One of the more memorable TV theme songs in recent years comes from Stranger Things. Its theme was composed by Kyle Dixon (left) and Michael Stein, shown here performing at the 2017 ASCAP Screen Music Awards.
Instant nostalgia: The 20 best theme songs in TV history. By Darian Lusk. What's more comforting than the theme song from your favorite television show? While we may be -- as they say. From 'Gilmore Girls' to 'Orange is the New Black,' here's a list of TV show theme songs that were performed by famous musicians. Some of your favorite television theme songs have some famous.
Lester Cohen/Getty Images for ASCAP A popular TV show can inject its music into the pop culture bloodstream. Just think of The Twilight Zone.
As instantly recognizable as that theme is, though, it was actually something composer Marius Constant had already written — a piece of library music just sitting on a shelf. By contrast, Henry Mancini's was specifically composed as the main title for its show.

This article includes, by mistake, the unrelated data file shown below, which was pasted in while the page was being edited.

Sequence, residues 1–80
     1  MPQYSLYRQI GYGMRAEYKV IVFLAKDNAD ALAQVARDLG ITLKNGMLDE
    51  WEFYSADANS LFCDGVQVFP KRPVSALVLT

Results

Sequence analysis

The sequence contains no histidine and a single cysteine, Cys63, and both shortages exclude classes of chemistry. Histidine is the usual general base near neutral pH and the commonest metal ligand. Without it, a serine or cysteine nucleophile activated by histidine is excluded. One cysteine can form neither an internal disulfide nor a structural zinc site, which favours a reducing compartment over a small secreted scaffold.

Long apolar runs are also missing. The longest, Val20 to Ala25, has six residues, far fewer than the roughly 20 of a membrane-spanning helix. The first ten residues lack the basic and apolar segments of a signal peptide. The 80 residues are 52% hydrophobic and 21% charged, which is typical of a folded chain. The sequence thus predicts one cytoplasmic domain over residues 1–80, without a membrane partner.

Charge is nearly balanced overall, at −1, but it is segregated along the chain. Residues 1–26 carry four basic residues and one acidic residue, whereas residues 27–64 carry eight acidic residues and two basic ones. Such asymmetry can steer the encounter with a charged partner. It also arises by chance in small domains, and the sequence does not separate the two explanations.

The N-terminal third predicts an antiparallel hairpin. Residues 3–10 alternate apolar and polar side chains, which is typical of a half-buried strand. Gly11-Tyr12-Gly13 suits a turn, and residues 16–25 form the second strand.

That theme won two Grammys and broke into the top ten on the Billboard Hot 100 in 1959. YouTube That theme is among Mike Post's favorites. Post is a veteran TV composer himself; another favorite is the original by Richard Markowitz. 'I loved that theme,' he says.
Post got his start as a session musician in Los Angeles, and played guitar on Sonny and Cher's 'I Got You Babe.' He also won a Grammy for arranging the Mason Williams hit 'Classical Gas.' 'I was raised in the record business, and to me having a hit song was the goal.
That was everything,' he says. 'When I sort of fell into this business of being a composer for TV, all I was trying to do was write a 45-second, 1-minute hit record.' YouTube 'I wanted to sign the signature for the show,' Post says, explaining his M.O. For main title themes. 'But I also wanted them to walk out hummin' the thing.' Sometimes finding a theme can be laborious, he says.
Law took him five tries. But sometimes it's effortless, like the theme he wrote for producer Steven Bochco's. '[Bochco] described the door going up on the garage, and a patrol car going through really depressing cityscape,' remembers Post. '[He] said, 'What's that sound like?' And I said, 'Well, it could be kind of poignant, and like the clock's gonna tick.'